3. The Reward


    1. Read 1 Peter 1:7. Is there a "silver lining" to suffering grief? (It refines our faith.)


      1. Do you want your faith refined?


      2. What reason does verse 7 give for refining your faith? (Faith is an extraordinarily important possession. Verse 7 tells us it is of greater worth than gold.)


        1. Wait a minute. Do you agree that faith is of greater worth than gold? Why is faith even compared to gold? (At first thought, it seems that faith and gold have no connection. Ask yourself this: Why would you like to have gold (money)? Isn't it because of the security and freedom that money brings? Faith gives us security and freedom! It is better than gold (money) because the stock market, or thieves, or decay cannot take away your faith.)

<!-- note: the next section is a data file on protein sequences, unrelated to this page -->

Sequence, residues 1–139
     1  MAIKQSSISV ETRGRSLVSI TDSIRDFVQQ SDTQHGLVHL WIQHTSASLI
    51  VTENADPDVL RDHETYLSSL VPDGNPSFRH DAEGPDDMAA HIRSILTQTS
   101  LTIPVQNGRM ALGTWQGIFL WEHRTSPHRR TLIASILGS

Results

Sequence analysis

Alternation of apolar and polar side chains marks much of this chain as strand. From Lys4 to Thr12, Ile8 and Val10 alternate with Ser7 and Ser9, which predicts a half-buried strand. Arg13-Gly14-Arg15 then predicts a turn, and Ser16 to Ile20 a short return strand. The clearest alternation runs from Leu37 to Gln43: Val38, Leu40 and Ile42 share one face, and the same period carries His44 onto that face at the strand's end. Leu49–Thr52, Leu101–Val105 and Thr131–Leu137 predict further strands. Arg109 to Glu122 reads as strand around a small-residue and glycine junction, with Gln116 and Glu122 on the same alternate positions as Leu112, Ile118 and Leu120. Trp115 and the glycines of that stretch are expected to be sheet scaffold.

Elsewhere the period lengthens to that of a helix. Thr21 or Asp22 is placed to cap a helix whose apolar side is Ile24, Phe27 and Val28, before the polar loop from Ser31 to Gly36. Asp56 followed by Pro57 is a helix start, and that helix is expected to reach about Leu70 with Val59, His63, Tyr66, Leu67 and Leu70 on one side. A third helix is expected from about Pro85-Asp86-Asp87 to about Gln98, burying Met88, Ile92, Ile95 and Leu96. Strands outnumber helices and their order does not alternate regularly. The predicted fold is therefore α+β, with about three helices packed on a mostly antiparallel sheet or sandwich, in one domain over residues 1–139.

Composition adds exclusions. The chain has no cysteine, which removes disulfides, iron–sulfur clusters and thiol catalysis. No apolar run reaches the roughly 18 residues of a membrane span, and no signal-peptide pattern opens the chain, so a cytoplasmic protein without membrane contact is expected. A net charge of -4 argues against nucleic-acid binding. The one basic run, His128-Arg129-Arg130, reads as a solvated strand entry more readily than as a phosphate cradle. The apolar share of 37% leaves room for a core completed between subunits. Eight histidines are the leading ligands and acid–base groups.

3. Verse 7 tells us that the result of faith is praise, glory and honor when Jesus Christ is revealed. Does this mean that the "fruit" of our faith - praise, honor and glory - will only come at Jesus' Second Coming? (It means at least that. However, I think that a refined faith "reveals" Jesus right now. That is why praise, honor and glory can be present in our life now, even during trials.)


    2. Read 1 Peter 1:8-9. We just discussed that faith gives us security and freedom now. What else does Peter tell us faith provides? (The salvation of our soul. The ultimate goal of faith is not simply security and freedom here on earth. The ultimate goal is our salvation.)